At the Aflac Cancer and Blood Disorders Center of Children’s Healthcare of Atlanta, over 80 children each year are treated for sickle cell disease through a blood and marrow transplant (BMT). As one of the leading pediatric BMT programs in the U.S., we strive to improve and enhance the quality of life for children and young adults with sickle cell disease by offering a BMT as a possible cure.

Bone marrow is the soft, spongy tissue found in bones that makes red blood cells. Hemoglobin is a protein in red blood cells that helps move oxygen through the body.

Blood stem cells that come from a healthy donor make red blood cells with normal hemoglobin, while a child with sickle cell disease makes hemoglobin S. Hemoglobin S can cause red blood cells to be crescent-shaped (C shaped) allowing them to get stuck in blood vessels and block the flow of blood. This leads to sickle cell disease complications, such as pain crisis, acute chest syndrome (ACS) and stroke.

When a child with sickle cell disease undergoes a BMT, he or she receives healthy bone marrow that produces normal red blood cells.

What should I expect if my child needs to have a BMT?

Hear from our experts about what a blood and marrow transplant (BMT) procedure entails so you and your family can feel informed and confident about it.


BMTs are usually performed on patients with severe sickle cell disease because they are at the highest risk for disability or death as a result of their condition. For a patient who does not have a healthy, matched sibling donor, the risk of BMT complications is higher. Therefore, fewer of these children are candidates for BMTs.

Your child may qualify for a BMT if he has:
  • Several episodes of ACS
  • Stroke
  • Severe and/or frequent pain

How is a donor identified?

The best donor is a human leukocyte antigen (HLA)-matched sibling who does not have sickle cell disease. A good match between a donor’s and patient’s HLA markers is essential for a successful BMT outcome. It promotes the growth and development of healthy, new blood cells and reduces the risk of any post-transplant complications.

A blood test will be done first on your child’s full siblings (brothers and sisters who have the same parents as your child). They each have a 25 percent chance of matching. If your child does not have a matched sibling, the chance of complications from a BMT is higher.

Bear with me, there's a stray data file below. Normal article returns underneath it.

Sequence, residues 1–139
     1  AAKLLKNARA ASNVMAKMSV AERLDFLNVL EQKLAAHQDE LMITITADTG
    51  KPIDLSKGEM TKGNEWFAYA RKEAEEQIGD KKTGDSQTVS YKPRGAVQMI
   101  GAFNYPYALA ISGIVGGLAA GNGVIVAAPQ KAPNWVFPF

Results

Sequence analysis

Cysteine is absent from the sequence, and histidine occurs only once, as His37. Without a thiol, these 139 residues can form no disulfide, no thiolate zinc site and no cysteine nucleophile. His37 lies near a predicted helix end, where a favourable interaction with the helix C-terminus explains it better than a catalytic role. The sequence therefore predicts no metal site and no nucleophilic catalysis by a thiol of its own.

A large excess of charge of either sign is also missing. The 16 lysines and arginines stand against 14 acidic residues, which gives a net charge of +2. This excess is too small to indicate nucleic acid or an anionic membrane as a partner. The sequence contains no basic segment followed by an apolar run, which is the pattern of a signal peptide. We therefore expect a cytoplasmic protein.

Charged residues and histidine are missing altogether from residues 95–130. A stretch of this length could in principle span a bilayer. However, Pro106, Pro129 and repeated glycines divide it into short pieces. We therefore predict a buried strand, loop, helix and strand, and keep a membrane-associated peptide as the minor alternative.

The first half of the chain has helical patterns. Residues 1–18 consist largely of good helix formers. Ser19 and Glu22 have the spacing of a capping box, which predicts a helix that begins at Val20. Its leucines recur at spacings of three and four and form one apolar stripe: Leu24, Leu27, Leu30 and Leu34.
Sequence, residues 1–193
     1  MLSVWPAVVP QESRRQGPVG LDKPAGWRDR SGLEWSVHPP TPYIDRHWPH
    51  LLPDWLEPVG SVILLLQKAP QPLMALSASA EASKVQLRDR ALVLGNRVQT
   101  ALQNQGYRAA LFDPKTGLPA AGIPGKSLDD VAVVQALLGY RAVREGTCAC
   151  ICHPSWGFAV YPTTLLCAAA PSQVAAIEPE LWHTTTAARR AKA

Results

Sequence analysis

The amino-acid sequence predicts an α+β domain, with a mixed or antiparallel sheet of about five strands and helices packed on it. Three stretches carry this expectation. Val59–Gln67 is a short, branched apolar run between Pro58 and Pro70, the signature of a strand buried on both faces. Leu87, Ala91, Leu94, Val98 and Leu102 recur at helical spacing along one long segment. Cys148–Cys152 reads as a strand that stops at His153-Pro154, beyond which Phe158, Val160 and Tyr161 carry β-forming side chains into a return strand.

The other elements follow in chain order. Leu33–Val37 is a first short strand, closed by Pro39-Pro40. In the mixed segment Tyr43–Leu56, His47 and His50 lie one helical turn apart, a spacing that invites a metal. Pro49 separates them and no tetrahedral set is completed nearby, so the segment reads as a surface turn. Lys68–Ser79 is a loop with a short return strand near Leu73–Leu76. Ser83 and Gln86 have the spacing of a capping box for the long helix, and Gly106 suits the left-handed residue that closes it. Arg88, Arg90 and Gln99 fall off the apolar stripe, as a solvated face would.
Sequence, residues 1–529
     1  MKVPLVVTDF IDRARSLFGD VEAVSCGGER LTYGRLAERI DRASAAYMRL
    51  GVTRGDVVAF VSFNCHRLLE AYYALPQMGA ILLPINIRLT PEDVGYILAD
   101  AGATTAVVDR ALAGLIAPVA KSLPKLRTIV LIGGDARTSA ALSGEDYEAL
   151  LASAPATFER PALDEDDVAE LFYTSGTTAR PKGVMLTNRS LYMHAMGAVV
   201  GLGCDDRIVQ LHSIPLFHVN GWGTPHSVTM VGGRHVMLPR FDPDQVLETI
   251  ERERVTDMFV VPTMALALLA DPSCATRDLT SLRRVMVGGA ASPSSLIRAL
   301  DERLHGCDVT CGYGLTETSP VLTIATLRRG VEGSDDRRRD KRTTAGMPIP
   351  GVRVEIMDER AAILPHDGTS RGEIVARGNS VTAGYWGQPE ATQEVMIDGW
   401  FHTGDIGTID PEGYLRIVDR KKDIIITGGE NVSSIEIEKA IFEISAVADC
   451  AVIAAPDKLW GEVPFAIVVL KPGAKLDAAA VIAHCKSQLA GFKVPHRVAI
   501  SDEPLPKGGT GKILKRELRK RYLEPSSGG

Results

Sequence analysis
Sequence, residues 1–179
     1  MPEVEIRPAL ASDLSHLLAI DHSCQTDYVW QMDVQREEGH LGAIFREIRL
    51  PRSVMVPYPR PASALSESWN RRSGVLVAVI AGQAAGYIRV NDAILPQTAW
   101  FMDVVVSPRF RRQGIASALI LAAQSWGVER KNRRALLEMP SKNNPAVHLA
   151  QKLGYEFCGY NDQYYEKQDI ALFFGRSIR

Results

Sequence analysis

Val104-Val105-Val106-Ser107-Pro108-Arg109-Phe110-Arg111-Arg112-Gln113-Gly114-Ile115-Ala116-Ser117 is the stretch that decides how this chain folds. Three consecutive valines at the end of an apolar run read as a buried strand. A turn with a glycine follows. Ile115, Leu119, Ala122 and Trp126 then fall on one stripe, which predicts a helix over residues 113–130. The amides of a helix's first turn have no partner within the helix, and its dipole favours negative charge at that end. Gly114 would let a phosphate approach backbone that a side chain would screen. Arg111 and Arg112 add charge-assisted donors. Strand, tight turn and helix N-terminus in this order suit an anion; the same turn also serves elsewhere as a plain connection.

A donor does not have to be the same blood type or gender as your child to be a match. The donor just needs to have the same HLA type. A donor can also have a sickle cell trait, and the donor’s donated blood stem cells can come from stored cord blood, bone marrow or circulating blood.

How will my child have to prepare for a BMT?

Your child will take medicine to prepare his body for the healthy, new blood stem cells. The medications:
  • Help his body accept healthy cells during a transplant.
  • Can be given to your child in different ways, such as by an intravenous (IV) line or by mouth.
  • May cause side effects like nausea, vomiting, hair loss, mouth sores, poor appetite, diarrhea and low blood counts.

How is a BMT performed?

The transplant will be given to your child through his vein using a central venous line (CVL). It can take five minutes or several hours to complete the procedure.

What can my child expect after a BMT?

After undergoing a BMT, your child will stay at the hospital for several weeks to be watched closely by his sickle cell disease care team. Your child’s post-procedure care may require him to:
  • Take many different medicines.
  • Follow special rules to prevent infection.
  • Stay home from school for a while.
  • Need vaccinations or shots to prevent infection.
  • Need a full-time caregiver.
  • May still pass on the hemoglobin S gene.

What are the risks of a BMT?

The risks of a BMT include:
  • Rejection of the transplant if your child’s body does not accept the new cells
  • Infection
  • Infertility
  • Stroke or seizure
  • Graft-versus-host disease (GVHD) (when the donor’s cells attack your child’s body)
  • Death

A BMT is hard on patients and their families because it is such a long process. Our team of professionals performs one of the highest volumes and has some of the greatest outcomes nationwide. We will work to support your family.

Advancements in treating sickle cell disease are a result of innovative research.

We are committed to improving the quality of life for children with sickle cell disease by offering a BMT as treatment. Our multidisciplinary research team is investigating every aspect of the procedure to help improve outcomes and find innovative treatment options.